I have been using this Laser Activated Shot Reporter software for a couple of months now and it is great! It allows me to get a lot more trigger time at home using any laser training gun or laser insert.
The way it works is to put regular or reduced-size targets up on a wall and point a webcam at them. The LASR software will then record your shot times and scores. It will also play shooting sounds through the computer speakers.
I'm planning to take some photos and video of the system in operation and will put them here when done
In the mean time, here is a link to a video from LASR:
If you are interested, you can get a 10% discount on the LASR software by using the discount code:
I got tired of finding/using a wrench to adjust the powder measure so I made this
I just replaced my old grill with a new Char-Broil 480 40,000 BTU unit from Amazon and the new grill just wasn't getting hot enough as quickly as I wanted so I replaced the regulator with a Bayou Classic 0-30 PSI Adjustable Regulator also from Amazon.
I just removed the old regulator hose fitting and the new one just bolted on with no other modifications required.
Here is the result:
WARNING: Don't try this at home - this may void your warranty / destroy the grill / burn down something you care about / kill you.
I've gotten questions about how overall length affects pressure so I did a few Quickload simulations. Here are the simulations:
In my quest for the perfect 3D printer settings, I decided to try the lift option which lifts the extruder from the surface during non-extruding moves. I found that my stock Solidoodle 4 had significant backlash in the z-axis. I tried to print out an anti-backlash nut/spring assembly from Thingiverse but it was made for previous version and my Solidoodle 4 didn't have a long enough z-axis threaded rod to keep the nut on it when in the highest position.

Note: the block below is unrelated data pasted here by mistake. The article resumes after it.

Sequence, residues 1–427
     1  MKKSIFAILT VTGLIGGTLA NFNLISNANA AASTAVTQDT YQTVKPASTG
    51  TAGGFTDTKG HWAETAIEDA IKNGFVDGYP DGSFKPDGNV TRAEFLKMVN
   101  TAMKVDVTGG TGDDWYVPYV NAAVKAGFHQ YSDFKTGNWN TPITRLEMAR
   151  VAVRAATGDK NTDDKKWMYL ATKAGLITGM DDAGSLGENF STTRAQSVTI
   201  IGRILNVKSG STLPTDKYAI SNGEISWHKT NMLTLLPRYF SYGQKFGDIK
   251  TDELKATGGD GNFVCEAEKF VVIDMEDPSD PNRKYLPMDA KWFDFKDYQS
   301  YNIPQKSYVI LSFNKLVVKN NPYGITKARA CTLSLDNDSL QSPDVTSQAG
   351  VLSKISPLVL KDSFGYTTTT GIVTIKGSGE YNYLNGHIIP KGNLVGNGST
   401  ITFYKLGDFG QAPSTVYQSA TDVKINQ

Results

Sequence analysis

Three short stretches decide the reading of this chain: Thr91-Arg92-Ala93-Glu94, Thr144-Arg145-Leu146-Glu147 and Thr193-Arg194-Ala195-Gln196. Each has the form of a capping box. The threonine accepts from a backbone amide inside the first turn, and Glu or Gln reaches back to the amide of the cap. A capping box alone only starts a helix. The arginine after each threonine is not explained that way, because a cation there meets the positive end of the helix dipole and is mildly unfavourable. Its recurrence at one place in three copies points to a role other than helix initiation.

After thinking about this for a while, I considered just printing a solid piece that holds a nut but thought that it needed some give to keep it from wearing the rod or becoming sloppy over time. I settled on using a rubber O-ring below the nut to provide springiness.
To reduce the possibility of breakage, I added a post to limit over-travel.
We started producing our WIOT boards and wanted to ship them programmed but without the programming header installed (since some people may want to keep the board low-profile). We tried holding the 2x6 header in place then ended up buying some pogo-pin adapters from Tindie but it isn't comfortable to hold while the board is being programmed.
Click for more details
I designed this board to be an easy-to-use way to get connect to WiFi from an Arduino-compatible board. This will allow anyone to write Arduino compatible sketches that can easily use 802.11b WiFi using the ESP-8266 (ESP-01) WiFi module.
Although I could have probably done this as a successful Kickstarter campaign, we did the development on our own and ran a first batch of 50 units. If these are popular, we will run a larger batch.